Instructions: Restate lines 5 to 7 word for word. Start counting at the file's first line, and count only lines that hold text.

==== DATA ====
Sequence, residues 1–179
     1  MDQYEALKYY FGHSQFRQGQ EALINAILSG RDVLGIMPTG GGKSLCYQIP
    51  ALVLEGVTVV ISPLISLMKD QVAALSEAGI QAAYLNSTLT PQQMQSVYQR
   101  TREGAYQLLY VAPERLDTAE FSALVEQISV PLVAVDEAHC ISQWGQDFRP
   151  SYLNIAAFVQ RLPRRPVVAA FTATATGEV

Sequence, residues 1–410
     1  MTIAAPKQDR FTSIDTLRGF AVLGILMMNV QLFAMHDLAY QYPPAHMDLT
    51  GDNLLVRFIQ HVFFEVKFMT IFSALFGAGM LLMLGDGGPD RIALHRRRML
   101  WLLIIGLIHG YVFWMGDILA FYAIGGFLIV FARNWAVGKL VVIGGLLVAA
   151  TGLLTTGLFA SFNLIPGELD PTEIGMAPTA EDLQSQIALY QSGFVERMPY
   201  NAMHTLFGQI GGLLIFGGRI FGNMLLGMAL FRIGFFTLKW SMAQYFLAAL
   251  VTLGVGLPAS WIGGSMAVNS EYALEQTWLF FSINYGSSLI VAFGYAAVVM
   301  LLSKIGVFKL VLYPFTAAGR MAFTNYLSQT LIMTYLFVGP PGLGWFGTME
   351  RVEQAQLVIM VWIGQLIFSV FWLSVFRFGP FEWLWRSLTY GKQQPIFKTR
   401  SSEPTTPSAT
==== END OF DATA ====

   151  SYLNIAAFVQ RLPRRPVVAA FTATATGEV

Sequence, residues 1–410
     1  MTIAAPKQDR FTSIDTLRGF AVLGILMMNV QLFAMHDLAY QYPPAHMDLT